What a beautiful and meaningful holiday this is. It’s probably my favorite holiday on the calendar. We are becoming a more and more secular nation. However, this holiday is as close as we Americans come to taking time to reflect and be somewhat introspective. Most of us “get it”, especially those of us who were born to Depression Era grandparents and Cold War moms and dads. Those of us who suffered through “trickle down” Reaganomics when the drips and drops of cash never quite reached those of us on the bottom of the socio-economic scale. We understand what it is to be truly thankful for the small things in life. We understand the spirit of this holiday.
There are still too many status-hungry materialists that miss the point of what it is to be truly grateful for what we have. Too many fail to understand that we have far more to be thankful for than what we bought at “SamLand” (Wal-Mart/Sam‘s Club) last week. As a subtle pushback against those who have missed the point, I would like to dedicate this post to those things I am grateful for that have little or nothing to do with wealth or personal possessions.
I am so thankful for good health. Anyone who takes this for granted should be required to visit a nursing home or hospital for an afternoon. I don’t have to park in a handicapped parking space. I hustle into and out of the supermarket with my arms full of bags without needing help from anyone. I dash up and down the aisles without having to ride a scooter and ask for assistance to reach items on the top shelf. I eat anything I want without fear that it will make me sick. All my parts work and I still have all my original equipment with no customization.
I’m grateful for independence. This includes such a wide category. It requires me to be thankful to so many people in my life and in my past. I’m fortunate that I have had good parents and family that cared for me until I could care for myself. I’ve had good teachers that taught me enough about the world that I could survive in it without being an excessive burden on society or placing myself under obligation to others. I’ve had role models and mentors that have instilled a sense of values within me that places me appropriately within society and my community. I see the need to contribute to the collective humanity and not simply consume the fruits of others labor. My country allows me to think freely and live in a world where ideas are cherished and unsuppressed. I’m grateful to every man and woman that has sacrificed their life to maintain this freedom and guarantee my continuing independence.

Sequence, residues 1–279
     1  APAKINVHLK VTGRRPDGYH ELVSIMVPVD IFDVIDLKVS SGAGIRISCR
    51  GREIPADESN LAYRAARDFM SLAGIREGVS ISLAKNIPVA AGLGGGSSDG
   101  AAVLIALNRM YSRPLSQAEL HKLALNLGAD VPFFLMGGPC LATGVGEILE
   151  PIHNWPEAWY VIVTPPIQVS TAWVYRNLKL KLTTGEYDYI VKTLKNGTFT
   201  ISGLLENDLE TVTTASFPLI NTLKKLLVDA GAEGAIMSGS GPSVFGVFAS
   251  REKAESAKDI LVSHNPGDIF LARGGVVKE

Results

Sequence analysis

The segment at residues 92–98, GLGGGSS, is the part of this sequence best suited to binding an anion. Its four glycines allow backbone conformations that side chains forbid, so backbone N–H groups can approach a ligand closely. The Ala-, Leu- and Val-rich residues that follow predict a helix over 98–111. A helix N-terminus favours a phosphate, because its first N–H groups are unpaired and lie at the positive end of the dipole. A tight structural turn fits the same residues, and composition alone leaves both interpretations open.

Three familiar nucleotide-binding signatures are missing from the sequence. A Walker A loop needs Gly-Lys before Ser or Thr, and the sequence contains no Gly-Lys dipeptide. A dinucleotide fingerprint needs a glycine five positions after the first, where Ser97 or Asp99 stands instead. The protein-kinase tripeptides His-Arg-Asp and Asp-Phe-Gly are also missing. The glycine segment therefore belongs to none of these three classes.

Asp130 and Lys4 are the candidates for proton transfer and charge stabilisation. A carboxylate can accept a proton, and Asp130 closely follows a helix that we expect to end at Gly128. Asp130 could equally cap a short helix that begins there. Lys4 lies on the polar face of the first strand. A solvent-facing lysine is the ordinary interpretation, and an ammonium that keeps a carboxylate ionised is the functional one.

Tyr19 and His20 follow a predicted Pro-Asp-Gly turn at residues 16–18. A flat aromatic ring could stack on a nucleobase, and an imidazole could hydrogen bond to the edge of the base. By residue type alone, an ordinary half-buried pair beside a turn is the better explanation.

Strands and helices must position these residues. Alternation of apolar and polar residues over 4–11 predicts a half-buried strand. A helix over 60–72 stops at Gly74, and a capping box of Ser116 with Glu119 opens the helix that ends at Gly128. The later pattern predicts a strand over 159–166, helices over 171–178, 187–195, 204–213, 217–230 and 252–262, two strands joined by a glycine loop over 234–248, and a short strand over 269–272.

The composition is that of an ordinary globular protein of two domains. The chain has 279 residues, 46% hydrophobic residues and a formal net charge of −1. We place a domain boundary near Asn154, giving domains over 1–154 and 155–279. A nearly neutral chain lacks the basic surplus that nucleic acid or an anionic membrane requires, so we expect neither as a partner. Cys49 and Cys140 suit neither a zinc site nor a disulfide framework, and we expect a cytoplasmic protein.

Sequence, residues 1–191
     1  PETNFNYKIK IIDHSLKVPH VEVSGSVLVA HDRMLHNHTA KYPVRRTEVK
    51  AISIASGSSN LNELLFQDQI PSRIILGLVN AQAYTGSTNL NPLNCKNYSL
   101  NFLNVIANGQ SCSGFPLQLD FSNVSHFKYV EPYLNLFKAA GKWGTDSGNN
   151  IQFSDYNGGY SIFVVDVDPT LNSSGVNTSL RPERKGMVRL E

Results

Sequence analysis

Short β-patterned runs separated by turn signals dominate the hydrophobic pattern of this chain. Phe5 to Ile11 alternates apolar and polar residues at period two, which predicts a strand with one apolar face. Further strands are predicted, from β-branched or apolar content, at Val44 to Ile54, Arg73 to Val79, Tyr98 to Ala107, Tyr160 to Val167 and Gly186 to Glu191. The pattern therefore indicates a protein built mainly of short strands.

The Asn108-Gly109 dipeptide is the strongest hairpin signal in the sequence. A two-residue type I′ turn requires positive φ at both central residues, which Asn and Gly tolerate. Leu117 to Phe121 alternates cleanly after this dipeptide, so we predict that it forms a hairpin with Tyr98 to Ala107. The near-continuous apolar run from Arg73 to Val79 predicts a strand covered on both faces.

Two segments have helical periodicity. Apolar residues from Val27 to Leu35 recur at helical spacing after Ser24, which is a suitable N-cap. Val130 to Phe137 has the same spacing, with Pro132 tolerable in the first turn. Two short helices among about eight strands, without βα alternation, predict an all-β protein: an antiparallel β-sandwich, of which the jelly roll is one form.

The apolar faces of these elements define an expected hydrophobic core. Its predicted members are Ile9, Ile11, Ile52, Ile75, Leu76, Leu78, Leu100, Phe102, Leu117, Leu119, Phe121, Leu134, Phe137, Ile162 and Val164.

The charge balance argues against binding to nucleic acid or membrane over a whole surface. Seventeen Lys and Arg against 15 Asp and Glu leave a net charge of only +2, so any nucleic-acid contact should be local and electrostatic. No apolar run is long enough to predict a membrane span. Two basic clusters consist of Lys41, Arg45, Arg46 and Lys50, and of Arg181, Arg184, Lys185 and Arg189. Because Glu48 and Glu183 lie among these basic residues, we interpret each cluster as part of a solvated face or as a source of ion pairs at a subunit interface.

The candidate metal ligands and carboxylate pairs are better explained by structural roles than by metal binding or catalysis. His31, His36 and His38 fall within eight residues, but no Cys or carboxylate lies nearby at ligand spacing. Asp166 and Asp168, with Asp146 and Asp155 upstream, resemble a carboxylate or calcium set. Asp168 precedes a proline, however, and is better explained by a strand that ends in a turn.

I’m thankful for meaningful relationships. There is no substitute for the lessons of life we learn through contact with other people. I’ve been embraced with compassion and cautioned with kindness. Through every relationship, whether friendly or not, I’ve learned more about myself and about the world. I’ve learned how to “be” and how “not to be”. I’ve felt acceptance from others when I couldn’t muster it for myself.
Finally, I’m thankful for peace of mind. After living for years under repression and self-denial, I’m so glad to just be myself. It’s a beautiful thing to live with a clean conscience knowing that the face I show the world now is mine, not a mask. There is no deception in my daily life. I can just be.
I hope everyone that reads this finds time to express their gratitude and thankfulness in a spiritual, non-materialistic way. Look for deeper meaning than the superficial traditions and religion we have been taught for years. Find meaning that becomes personal and unique to you and share it. In the sharing, perhaps someone else will find a deeper sense of thanksgiving than they had experienced before.